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Commentary Energy & Environment

Opinion: Maryland’s stewards need to up their offshore wind game

An Ørsted wind farm off the coast of Rhode Island. Image courtesy of Ørsted.

By Alex Pavlak

The writer is a professional engineer and chair of the Future of Energy Initiative.

On Dec. 8 Maryland Matters cited a Gabel Associates report titled “Maryland Offshore Wind: Estimating the Costs and Benefits of Offshore Wind Energy Development.” The report provides clear evidence why Maryland’s stewards need to up their game. Maryland’s largest investment to date — about $8 billion discounted offshore wind renewable energy certificates (OREC) — was made with no evidence that offshore wind will be a useful component of a fully decarbonized PJM electric power system.

The fatal problem with offshore wind is the cost of managing large scale intermittency on clean systems with no cheap fossil fuel backup. There is no simple solution. The more offshore wind, the less fossil fuels, the more expensive is backup. Halfway to zero, ratepayers are likely to rebel over high electricity prices and Maryland gets stuck with an expensive dirty system, just like Germany.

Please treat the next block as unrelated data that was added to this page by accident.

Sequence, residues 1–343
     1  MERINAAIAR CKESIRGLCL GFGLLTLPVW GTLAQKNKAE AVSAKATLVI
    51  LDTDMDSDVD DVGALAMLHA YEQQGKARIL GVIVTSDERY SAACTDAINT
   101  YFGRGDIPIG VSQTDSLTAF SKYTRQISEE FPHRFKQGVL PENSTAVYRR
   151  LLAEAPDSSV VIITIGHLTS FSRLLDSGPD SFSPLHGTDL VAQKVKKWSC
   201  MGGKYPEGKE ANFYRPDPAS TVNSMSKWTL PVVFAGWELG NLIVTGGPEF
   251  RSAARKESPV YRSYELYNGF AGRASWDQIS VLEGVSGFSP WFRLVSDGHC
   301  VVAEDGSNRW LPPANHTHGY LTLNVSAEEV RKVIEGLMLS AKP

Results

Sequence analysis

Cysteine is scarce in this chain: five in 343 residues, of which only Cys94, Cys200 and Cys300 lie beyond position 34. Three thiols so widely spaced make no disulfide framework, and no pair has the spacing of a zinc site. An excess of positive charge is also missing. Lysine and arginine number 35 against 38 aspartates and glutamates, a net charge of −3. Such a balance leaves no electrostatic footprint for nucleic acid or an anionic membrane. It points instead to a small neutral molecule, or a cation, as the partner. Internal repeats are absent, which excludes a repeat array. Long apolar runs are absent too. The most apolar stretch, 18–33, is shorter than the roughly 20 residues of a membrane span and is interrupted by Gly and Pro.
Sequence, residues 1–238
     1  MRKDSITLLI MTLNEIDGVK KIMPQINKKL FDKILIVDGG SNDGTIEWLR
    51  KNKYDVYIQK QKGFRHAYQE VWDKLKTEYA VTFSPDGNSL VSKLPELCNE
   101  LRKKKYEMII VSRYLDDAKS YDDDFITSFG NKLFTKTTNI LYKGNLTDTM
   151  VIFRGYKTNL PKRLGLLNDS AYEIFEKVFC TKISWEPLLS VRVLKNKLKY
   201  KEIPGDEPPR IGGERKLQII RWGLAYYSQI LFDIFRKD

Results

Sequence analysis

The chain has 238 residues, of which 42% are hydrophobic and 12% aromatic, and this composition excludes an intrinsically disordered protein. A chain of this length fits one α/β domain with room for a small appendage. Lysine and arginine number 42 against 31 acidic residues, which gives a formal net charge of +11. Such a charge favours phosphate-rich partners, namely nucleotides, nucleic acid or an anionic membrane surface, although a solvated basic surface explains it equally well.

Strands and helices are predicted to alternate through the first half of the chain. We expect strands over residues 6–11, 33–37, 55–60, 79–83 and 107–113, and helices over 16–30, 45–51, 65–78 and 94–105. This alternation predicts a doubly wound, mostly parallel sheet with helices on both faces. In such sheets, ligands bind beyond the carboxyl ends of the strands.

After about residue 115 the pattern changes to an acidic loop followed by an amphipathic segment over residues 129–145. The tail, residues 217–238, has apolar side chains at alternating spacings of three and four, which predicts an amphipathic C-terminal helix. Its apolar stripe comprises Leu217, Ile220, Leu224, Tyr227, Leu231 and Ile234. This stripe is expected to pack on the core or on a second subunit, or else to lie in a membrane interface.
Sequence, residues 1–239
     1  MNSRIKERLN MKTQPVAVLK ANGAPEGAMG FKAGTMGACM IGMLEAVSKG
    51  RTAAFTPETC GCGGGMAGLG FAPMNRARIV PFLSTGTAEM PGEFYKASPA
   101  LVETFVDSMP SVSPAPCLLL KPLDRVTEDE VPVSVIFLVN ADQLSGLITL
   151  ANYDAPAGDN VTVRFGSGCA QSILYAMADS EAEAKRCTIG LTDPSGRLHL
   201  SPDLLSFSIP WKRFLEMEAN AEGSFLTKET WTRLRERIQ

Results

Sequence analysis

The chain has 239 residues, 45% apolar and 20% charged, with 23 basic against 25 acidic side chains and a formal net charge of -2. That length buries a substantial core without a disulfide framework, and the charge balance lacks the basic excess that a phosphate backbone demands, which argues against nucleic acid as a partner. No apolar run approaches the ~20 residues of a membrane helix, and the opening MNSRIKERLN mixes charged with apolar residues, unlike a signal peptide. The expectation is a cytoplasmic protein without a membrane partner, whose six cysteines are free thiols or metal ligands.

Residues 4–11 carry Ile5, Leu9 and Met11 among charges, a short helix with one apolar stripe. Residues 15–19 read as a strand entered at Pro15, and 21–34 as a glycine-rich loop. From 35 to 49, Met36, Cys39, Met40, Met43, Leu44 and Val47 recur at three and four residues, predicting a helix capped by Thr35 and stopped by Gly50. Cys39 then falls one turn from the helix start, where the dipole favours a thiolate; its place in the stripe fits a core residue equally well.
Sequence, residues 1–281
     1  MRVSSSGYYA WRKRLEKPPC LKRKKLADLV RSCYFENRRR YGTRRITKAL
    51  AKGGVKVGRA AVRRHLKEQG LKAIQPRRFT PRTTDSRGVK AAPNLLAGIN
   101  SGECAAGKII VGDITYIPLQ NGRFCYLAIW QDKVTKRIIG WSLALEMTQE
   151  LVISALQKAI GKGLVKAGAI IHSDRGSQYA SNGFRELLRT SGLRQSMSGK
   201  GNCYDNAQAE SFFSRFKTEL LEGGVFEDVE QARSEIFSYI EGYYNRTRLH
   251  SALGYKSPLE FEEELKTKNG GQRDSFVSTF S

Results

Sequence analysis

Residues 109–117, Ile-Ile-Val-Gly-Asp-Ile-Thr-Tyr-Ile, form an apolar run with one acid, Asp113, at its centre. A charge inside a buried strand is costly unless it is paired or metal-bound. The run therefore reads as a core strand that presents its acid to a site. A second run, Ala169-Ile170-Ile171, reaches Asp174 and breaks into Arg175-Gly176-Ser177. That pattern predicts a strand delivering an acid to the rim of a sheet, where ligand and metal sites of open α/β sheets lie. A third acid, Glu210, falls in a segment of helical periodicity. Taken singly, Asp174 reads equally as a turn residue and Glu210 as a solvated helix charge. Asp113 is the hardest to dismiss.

The Gabel paper presents costs as “Levelized cost of electricity (LCOE).” This is a useful metric for comparing functionally interchangeable generators, such as natural gas vs. coal. But it is a misleading metric when applied to wind and solar as it excludes the out-of-market system costs of managing intermittency (curtailment, transmission, and storage). The accurate way to calculate OSW cost is to estimate the cost of a whole reliable PJM system, with and without OSW.

Figure 5 of the Gabel paper presents levelized power purchase agreement/OREC prices of approved U.S. offshore wind projects. The numbers are sound and consistent with Maryland’s offshore wind OREC awards, averaging roughly $90 per megawatt hour or two times current PJM wholesale electricity cost. Costs should also include temporary federal subsidies, which would bring the number closer to three times current costs.

While these numbers reflect real out of pocket costs, Gabel rejects these numbers in favor of a smaller theoretical LCOE number for wind turbines only. Offshore wind has the highest LCOE of any clean technology (with the possible exception of carbon capture and storage).

Table 1 of the Gabel paper claims benefits. Note that these benefits are not specific to offshore wind but would apply to any clean generation technology, including onshore wind, utility scale solar, residential solar, hydro nuclear, and carbon capture and storage.

Maryland’s stewards need to understand the Options for a Zero Carbon PJM. Then an investment decision would be rational. Today, offshore wind is a political guessing game, a big bet using somebody else’s money.